Lophatananon A,Tyndale-Biscoe S, Malcolm E, Rippon H, Holmes K, Firkins L, Fenton M, Crowe S , Stewart-Brown S, Gnanapragasam V and Muir K.
British Journal of Urology International, 2011, Vol 108, Issue 7, p 1040 – 1043
Research in many ﬁelds of medical investigation is principally researcher and
response led. The medical industry is advancing in both treatments and technologies, but the ideas and views of both patients and clinicians are often forgotten, even though these groups clearly have a shared interest in research. Patients themselves are becoming increasingly familiar with research, particularly through the internet, and with their direct experience of disease they should be an important voice when identifying research priorities.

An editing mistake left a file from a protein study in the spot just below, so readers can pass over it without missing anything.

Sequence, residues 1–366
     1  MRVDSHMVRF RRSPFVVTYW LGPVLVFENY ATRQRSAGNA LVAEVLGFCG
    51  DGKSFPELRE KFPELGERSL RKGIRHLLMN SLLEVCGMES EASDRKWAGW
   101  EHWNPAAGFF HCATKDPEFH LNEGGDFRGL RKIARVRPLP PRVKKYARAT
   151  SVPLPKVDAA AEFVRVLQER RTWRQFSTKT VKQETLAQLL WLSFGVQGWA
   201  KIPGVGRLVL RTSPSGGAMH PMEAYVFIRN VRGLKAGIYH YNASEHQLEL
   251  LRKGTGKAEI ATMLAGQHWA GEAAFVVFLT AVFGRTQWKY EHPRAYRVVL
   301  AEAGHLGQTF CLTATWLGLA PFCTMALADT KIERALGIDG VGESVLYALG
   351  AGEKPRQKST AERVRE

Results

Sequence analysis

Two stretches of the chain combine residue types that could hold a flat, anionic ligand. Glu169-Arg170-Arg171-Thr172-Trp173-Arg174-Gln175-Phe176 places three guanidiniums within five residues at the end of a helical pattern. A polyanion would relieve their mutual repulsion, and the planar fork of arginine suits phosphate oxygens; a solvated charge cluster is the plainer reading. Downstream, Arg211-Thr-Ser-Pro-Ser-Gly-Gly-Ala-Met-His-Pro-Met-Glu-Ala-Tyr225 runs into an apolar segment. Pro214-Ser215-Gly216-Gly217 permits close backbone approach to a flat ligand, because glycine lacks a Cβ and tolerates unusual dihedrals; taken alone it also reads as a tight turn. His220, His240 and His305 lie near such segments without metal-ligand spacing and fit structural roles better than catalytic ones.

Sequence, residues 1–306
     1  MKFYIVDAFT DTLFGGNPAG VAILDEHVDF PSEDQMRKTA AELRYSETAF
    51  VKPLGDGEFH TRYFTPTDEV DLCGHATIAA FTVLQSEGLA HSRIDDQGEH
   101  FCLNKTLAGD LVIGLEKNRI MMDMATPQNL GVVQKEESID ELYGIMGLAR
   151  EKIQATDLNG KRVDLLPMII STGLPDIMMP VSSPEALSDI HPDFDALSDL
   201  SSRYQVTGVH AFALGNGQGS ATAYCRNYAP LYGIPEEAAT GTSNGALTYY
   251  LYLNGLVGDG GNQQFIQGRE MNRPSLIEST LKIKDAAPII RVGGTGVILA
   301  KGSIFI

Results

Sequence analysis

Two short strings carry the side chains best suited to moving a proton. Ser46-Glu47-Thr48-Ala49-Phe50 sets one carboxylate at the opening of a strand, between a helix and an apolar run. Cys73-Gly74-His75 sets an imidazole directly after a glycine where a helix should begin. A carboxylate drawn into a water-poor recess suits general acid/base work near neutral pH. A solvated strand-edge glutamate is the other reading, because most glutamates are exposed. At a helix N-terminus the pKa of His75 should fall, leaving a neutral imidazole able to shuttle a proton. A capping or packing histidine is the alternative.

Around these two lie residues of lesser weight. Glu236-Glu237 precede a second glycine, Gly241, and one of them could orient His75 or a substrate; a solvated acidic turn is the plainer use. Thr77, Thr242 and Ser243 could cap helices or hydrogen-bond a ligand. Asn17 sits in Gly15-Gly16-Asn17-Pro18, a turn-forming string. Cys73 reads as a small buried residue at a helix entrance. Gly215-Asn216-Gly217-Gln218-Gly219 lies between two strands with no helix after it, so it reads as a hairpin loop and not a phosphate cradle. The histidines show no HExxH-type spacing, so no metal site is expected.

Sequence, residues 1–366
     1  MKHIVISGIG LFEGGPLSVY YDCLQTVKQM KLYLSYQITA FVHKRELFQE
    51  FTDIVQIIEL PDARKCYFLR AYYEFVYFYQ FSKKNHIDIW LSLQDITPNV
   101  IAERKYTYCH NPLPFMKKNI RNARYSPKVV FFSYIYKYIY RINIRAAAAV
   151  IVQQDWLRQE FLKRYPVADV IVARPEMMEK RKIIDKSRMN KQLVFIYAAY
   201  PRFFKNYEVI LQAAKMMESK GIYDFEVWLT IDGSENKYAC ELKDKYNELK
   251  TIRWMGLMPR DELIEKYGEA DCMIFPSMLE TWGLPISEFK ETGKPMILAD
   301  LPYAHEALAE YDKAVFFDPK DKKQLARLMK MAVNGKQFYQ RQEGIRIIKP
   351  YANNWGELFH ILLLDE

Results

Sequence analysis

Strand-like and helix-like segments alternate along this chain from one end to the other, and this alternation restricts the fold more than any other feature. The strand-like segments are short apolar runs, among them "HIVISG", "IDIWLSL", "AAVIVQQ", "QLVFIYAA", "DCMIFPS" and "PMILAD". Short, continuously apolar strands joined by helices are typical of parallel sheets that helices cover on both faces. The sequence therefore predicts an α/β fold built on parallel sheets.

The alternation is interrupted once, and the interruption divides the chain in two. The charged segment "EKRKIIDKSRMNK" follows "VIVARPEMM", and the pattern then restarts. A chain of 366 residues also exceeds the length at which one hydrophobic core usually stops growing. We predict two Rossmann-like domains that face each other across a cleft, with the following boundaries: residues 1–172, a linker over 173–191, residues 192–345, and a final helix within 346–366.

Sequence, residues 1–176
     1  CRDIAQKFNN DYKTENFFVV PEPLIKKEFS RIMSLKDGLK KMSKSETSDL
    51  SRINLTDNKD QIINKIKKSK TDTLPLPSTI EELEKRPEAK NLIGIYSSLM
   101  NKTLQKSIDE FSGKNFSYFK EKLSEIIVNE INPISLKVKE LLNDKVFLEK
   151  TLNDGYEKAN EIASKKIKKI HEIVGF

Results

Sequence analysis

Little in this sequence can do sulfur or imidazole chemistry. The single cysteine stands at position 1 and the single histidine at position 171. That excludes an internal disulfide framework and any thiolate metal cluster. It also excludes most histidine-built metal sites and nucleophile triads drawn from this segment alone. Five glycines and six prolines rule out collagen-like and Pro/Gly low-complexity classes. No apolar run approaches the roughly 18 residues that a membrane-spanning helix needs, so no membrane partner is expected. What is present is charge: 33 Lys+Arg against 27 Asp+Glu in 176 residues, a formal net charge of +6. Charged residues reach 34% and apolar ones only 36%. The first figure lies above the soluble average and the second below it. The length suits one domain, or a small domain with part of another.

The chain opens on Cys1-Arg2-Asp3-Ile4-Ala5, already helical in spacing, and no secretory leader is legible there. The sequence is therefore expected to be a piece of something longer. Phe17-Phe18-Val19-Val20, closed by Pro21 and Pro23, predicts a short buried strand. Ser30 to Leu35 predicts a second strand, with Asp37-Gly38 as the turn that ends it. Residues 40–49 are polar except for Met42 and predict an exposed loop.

There are a range of both quantitative and qualitative methodologies, from focus groups to cross-sectional surveys, for gathering and consolidating the views of relevant patient and clinician groups. Each of these methods has different strengths and weaknesses.
The James Lind Alliance (JLA) is an independent organization funded by the National Institute of Health Research and Medical Research Council, UK. The organization’s role is to provide a platform for an independent and integrative approach to determining both patients’ and clinicians’ views on setting the research agenda. This is known as ‘priority setting’ . The JLA has established a methodology that aims to incorporate aspects of both quantitative and qualitative approaches to the inclusive participation of a range of different parties’ views.
The purpose of this paper is to describe the methodology exempliﬁed by a recent JLA partnership investigation into the uncertainties that surround the treatment of
prostate cancer, the major male cancer which kills over 10 000 men in the UK every